Kershaw soon met us for some questions. The whole experience was supposed to be about giving us the experience of covering the Dodgers, and some of the reporters accordingly asked questions about the team, his curveball, what he was working on in Spring Training, etc. What I found more interesting was Kershaw himself. For the most of you who don’t know him, Kershaw was drafted out of high school in 2006 as the seventh overall pick. He just turned 21—younger than half of the undergraduates here—and he entered pro ball with more expectations and pressure on him than most experience in a lifetime. Despite this, he still seemed very familiar—he seemed somewhat like a college student. Although he wouldn’t give us details about his 21st birthday party, he was pretty forthcoming about his favorite TV shows (“The Office” and “CSI: Miami”), his favorite L.A. beach (Manhattan), and what he misses about his home in Dallas (his dogs and Tex-Mex food). He also gave many of us future-obsessed students a laugh by responding to a question about his goals for the season with a simple “I don’t have goals…having expectations can be overrated.”
Next up was the anticipated meeting with Joe Torre, but as Torre was holding a media session with the real reporters, the college crew had the chance to watch batting practice for some time. It was interesting seeing the players up close, since most of the time I’ve watched the game from the nosebleed seats where all of the players are of the same size. For instance, I noticed that Guillermo Mota was huge, Rafael Furcal and Juan Pierre were really tiny, and Manny Ramirez, despite being relatively short, had a magnetic presence about him no matter where he went. What also struck me was the dearth of players with girth. It seemed like the age of hefty ballplayers that could hit the ball a ton or throw pretty hard, such as Mo Vaughn and David Wells, seems to be on the decline, although Prince Fielder of the Milwaukee Brewers, the Dodgers’ opponents for the game, certainly cast a sizeable shadow on any nearby player.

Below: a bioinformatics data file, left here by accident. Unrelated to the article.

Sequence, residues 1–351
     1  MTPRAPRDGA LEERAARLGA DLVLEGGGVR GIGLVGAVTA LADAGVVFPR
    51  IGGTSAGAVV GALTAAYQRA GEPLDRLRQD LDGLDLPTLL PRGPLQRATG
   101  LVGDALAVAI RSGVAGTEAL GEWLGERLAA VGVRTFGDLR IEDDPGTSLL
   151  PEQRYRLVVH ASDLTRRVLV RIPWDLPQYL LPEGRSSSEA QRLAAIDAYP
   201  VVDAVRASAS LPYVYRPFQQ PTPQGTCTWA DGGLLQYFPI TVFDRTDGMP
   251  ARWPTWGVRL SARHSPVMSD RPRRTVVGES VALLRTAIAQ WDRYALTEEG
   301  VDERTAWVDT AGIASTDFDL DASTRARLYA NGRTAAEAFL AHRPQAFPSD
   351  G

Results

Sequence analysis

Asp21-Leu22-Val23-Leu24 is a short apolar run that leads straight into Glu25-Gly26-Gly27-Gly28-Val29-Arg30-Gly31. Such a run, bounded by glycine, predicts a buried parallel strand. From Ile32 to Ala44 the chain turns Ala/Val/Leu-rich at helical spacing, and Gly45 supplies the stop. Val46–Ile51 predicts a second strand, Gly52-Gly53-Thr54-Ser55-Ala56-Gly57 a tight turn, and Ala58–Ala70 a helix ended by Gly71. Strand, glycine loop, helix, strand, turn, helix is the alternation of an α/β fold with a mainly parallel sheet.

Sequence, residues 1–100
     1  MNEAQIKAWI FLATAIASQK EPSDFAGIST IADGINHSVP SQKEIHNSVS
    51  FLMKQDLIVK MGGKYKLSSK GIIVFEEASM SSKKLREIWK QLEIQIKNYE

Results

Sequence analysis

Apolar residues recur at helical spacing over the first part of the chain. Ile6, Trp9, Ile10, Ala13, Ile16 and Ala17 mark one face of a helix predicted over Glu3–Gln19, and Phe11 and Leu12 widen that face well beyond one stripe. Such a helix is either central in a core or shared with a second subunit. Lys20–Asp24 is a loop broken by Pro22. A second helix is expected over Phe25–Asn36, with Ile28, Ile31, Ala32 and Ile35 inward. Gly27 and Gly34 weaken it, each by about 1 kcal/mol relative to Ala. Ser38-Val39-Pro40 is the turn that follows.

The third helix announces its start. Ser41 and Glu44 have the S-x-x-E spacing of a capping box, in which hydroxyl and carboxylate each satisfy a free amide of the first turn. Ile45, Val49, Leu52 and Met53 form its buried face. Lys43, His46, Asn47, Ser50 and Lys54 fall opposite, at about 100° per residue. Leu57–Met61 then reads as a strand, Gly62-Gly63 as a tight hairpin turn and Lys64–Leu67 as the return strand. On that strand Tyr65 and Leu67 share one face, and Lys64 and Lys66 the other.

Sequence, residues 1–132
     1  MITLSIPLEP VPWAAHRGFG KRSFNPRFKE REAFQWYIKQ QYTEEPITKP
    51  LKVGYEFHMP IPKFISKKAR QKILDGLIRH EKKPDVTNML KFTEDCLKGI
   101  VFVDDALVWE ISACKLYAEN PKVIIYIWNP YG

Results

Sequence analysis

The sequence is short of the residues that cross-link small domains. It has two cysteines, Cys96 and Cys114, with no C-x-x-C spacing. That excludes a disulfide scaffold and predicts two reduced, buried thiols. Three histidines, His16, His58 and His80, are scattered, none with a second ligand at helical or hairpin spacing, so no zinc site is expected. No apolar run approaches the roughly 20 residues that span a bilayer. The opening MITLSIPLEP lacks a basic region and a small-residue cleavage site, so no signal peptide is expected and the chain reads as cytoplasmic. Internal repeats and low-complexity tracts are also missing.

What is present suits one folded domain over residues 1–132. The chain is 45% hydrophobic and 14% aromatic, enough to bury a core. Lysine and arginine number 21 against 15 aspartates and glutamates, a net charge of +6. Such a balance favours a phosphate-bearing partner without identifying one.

After hearing the sweet sound of ash connecting with rawhide enough times to make anyone’s day complete, we finally had the highlight of our day with the one and only Joe Torre. Baseball fans who hate the Yankees, and there are a lot of them, often have a similar hatred for Torre, as he and Derek Jeter’s smugness best represented the Yankees at their pinnacle of success in the 1990s.
Despite feeling some preliminary aversion to him, up close, Torre is one of the most compelling people I have ever met, with a presence that grabbed me from the first handshake. He spoke with absolute authority on whatever he talked about, such as the Dodgers’ toughest competition in the NL West this year (the Giants), dealing with personnel decisions, and the differences between New York and LA. So imagine what it was like for me when I asked him a question about managing in the beginning versus now as a superstar and he looked me right in the eye as he said, “When you think you know everything…that’s when you’re lost.” Hearing a life lesson from a man like Joseph Torre was an experience I’ll never forget.
The rest of my day went by in a blur. I finished with an interview with catcher Brad Ausmus and watching the exhibition game from a club suite. Highlights included thanking Dodgers third-base coach Larry Bowa for helping the Phillies win the 1980 World Series, seeing the famous announcer Bob Uecker and Torre hold a conversation that I would have given anything to listen to, and eating the Dodger Stadium garlic fries for the first time after our press conferences. But even with all that I’d done that day and the famous players and coaches I met, just being on the field of a major league stadium, soft grass and all, was enough to fulfill this reporter’s childhood dream.
Aaron Hosansky PO ’10 is a sports editor for The Student Life.